Comparing Measurements Across Several Groups: ANOVA

The means of quantitative measurements from two groups can be compared using Student’s t-test. To compare the means of measurements for more than two levels of a categorical variable, one-way ANOVA has to be used. Here, we’ll explore the parametric, one-way ANOVA test as well as the non-parametric version of the test, the Kruskal-Wallis test, which compares median values.

Parametric testing with the one-way ANOVA test

ANOVA stands for analysis of variance and indicates that test analyzes the within-group and between-group variance to determine whether there is a difference in group means.

The ANOVA test has three assumptions:

  1. The quantitative measurements are independent
  2. The ANOVA residuals are normally distributed
  3. The variance of the group measurements should be homogeneous (homoscedastic)

The most important assumption of ANOVA is the assumption of homoscedasticity, which should always be checked.

The InsectSprays data set

The InsectSprays data set compares the number of insects in agricultural units in which 6 different insect sprays were used. The data set has only two features: count indicates the insect count, while spray is a categorical variable indicating the used insect spray. For each of the insect sprays, the insect count was determined for 12 agricultural units.

To show how the test statistic is computed, we’ll transform the data set from long to wide format. For this purpose, we’ll add an ID column to indicate which entries belong into one row (note that this pairing of measurements is arbitrary and not relevant for the test):

df <- cbind(InsectSprays, ID = 1:12)
library(reshape2)
df <- dcast(df, ID ~ spray, value.var = "count")
df <- df[,-1] # remove ID column
print(df)
##     A  B C  D E  F
## 1  10 11 0  3 3 11
## 2   7 17 1  5 5  9
## 3  20 21 7 12 3 15
## 4  14 11 2  6 5 22
## 5  14 16 3  4 3 15
## 6  12 14 1  3 6 16
## 7  10 17 2  5 1 13
## 8  23 17 1  5 1 10
## 9  17 19 3  5 3 26
## 10 20 21 0  5 2 26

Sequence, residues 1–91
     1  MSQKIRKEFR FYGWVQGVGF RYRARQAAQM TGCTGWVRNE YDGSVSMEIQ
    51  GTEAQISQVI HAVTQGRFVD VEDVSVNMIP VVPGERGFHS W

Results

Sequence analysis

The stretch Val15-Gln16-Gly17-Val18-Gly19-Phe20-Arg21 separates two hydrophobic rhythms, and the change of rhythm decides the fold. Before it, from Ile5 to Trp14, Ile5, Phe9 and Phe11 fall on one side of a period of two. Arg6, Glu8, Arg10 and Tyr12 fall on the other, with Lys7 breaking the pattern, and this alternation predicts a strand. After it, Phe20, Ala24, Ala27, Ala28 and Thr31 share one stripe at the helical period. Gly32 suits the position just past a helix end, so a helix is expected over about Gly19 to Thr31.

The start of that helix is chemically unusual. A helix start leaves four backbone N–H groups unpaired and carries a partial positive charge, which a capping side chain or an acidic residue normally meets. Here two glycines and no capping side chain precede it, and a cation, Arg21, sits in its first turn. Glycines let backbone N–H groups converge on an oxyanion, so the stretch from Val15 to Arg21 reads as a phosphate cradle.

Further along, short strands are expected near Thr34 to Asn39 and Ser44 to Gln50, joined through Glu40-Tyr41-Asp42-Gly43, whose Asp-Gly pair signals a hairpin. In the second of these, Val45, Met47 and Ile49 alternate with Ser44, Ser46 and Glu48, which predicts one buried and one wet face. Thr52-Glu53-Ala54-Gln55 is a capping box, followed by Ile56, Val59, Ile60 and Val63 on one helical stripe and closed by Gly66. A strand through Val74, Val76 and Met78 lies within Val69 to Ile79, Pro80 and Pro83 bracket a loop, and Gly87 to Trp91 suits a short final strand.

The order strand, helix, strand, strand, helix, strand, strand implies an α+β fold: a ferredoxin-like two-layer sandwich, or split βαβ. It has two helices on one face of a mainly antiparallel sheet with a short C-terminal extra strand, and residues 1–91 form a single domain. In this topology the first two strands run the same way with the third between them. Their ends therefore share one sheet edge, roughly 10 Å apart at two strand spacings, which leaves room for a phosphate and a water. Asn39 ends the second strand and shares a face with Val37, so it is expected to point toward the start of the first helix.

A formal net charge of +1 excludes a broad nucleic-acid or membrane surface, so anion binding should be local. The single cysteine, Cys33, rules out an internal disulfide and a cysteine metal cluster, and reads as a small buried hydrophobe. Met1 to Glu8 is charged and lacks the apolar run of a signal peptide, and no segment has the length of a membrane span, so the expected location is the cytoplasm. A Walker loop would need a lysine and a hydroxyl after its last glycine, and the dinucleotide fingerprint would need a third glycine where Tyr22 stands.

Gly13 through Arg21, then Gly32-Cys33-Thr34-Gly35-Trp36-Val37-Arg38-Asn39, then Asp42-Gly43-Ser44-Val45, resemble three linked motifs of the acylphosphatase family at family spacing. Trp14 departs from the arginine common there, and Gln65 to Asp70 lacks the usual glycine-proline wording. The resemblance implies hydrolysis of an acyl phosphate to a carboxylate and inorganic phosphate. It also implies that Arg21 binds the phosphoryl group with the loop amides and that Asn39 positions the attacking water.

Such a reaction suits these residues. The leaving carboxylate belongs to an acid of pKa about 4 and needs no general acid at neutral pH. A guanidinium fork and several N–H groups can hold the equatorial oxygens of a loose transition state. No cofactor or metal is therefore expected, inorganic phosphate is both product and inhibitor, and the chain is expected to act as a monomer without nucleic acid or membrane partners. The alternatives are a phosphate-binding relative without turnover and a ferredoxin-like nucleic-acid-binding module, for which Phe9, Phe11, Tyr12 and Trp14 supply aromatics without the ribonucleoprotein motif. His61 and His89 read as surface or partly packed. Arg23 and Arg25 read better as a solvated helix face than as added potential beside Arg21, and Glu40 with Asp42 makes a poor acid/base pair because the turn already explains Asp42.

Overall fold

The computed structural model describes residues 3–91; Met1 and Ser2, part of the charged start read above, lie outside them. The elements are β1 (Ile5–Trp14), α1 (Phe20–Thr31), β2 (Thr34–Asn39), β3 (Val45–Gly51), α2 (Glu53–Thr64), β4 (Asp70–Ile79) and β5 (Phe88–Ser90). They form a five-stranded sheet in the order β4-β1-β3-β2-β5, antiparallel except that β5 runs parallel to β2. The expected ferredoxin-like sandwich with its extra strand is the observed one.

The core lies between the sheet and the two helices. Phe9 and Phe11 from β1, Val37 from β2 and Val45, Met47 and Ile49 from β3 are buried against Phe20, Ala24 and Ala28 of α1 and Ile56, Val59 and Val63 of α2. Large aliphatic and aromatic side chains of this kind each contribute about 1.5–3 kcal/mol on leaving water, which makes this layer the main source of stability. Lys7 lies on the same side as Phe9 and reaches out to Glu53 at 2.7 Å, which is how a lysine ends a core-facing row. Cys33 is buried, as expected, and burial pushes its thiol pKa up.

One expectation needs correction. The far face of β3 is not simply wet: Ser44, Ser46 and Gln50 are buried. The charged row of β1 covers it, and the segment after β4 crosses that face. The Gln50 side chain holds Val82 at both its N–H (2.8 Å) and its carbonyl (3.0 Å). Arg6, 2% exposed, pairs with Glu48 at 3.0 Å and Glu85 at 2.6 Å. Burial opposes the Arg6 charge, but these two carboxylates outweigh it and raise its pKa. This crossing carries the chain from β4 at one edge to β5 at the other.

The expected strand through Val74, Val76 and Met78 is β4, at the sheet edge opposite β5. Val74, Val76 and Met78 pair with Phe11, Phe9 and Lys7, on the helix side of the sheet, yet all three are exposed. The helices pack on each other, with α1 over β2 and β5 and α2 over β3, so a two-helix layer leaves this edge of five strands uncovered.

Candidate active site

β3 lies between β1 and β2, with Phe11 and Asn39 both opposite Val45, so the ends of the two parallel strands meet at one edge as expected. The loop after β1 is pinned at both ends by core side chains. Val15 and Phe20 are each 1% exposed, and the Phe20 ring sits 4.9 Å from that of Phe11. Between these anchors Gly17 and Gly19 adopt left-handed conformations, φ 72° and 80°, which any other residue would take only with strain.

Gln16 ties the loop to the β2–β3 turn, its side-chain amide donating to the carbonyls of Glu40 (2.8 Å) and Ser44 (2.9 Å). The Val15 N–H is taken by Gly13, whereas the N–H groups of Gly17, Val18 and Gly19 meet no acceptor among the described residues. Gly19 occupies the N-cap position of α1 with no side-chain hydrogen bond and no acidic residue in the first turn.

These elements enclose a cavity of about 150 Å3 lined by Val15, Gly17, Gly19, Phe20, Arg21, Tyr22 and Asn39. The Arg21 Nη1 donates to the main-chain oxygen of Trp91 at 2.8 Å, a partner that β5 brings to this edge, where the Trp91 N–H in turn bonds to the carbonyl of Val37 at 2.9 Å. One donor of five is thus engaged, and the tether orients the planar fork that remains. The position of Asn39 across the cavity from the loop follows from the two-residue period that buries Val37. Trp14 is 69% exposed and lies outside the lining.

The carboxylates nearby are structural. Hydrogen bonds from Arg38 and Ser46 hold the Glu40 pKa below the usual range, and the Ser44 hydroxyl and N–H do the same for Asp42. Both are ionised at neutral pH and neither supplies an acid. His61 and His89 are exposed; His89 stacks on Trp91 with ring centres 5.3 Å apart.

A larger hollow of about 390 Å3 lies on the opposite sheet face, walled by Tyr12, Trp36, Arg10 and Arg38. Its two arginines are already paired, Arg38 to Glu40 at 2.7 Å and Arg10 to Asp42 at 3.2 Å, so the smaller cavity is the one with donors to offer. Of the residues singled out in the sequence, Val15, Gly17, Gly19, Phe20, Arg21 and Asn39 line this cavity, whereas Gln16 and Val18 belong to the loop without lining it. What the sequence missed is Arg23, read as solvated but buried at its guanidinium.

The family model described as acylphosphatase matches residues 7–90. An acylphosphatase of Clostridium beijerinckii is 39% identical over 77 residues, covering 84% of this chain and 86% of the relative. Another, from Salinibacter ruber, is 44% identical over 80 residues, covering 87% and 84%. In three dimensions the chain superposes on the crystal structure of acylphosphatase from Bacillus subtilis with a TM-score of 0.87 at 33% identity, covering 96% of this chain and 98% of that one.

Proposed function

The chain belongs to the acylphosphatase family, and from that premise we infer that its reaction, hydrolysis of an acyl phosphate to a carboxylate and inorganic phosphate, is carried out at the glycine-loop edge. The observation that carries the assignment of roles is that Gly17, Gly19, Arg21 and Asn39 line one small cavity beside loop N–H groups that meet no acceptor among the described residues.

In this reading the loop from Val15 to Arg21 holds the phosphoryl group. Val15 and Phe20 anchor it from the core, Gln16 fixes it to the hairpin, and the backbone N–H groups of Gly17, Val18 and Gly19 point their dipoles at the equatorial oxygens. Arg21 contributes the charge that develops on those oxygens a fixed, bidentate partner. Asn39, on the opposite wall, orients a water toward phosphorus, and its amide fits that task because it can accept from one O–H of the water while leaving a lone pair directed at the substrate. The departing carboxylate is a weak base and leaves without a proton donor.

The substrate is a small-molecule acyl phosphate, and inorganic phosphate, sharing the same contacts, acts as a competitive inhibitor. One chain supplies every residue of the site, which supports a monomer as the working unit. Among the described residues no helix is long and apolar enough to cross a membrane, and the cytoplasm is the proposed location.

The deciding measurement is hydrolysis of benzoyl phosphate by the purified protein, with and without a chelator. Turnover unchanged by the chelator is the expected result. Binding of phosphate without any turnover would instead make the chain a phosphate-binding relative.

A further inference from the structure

## 11 14  7 1  2 6 24
## 12 13 13 4  4 4 13

The entries of df constitute a matrix \(X \in \mathbb{N}^{n \times p}\) with \(n\) rows and \(p\) columns (groups). The observation in row \(i\) and column \(j\) is denoted by \(x_{ij}\). The measurements for group \(i\) are indicated by \(X_i\), where \(\overline{X}_i\) indicates the mean of the measurements for group \(i\) and \(\overline{X}\) indicates the overall mean. Let \(n_j\) indicate the number of measurements for group \(j \in \{1, \ldots, p\}\). Note that the sample sizes do not have to be same across groups for one-way ANOVA. This would only be a problem for factorial ANOVA (ANOVA with at least two independent variables) due to confounding.

Computing the ANOVA test statistic

The ANOVA test statistic is based on the between-group and the within-group mean-squared value.

Between-group mean-squared value

The sum of squared differences between the groups is:

\[SS_B = \sum_{j = 1}^p n_j(\overline{X}_j - \overline{X})\]

The value of \(SS_B\) indicates how much the group means deviate from the overall mean. To obtain the between-group mean-squared value, we divide by the between-group degrees of freedom, \(p-1\):

\[MS_B = \frac{SS_B}{p-1}\]

Within-group mean-squared value

The within-group sum of squares is defined as

\[SS_W = \sum_{j = 1}^p \sum_{i = 1}^{n_j} (x_{ij} - \overline{X}_j)^2\,.\]

The value of \(SS_W\) can be understood as the squared sum of the column entries after centering them using \(\overline{X}_j\). Its value indicates the variance of measurements within the groups. The within-group mean-squared value is obtained by dividing \(SS_W\) by the within-group degrees of freedom, \(\sum_{j=1}^p n_j - 1\):

\[MS_W = \frac{SS_W}{\sum_{j=1}^p n_j - 1}\]

The F-statistic

The F-statistic is the test statistic of the ANOVA test. It is defined as the ratio of the between-group and the within-group mean squared value:

\[F = \frac{MS_B}{MS_{W}}\]

The null hypothesis (groups have equal means) can be rejected if \(F\) is sufficiently large. In this case, \(MS_B\) is considerably larger than \(MS_W\). In this case, there are large differences between the means of the groups at a low variance within the groups.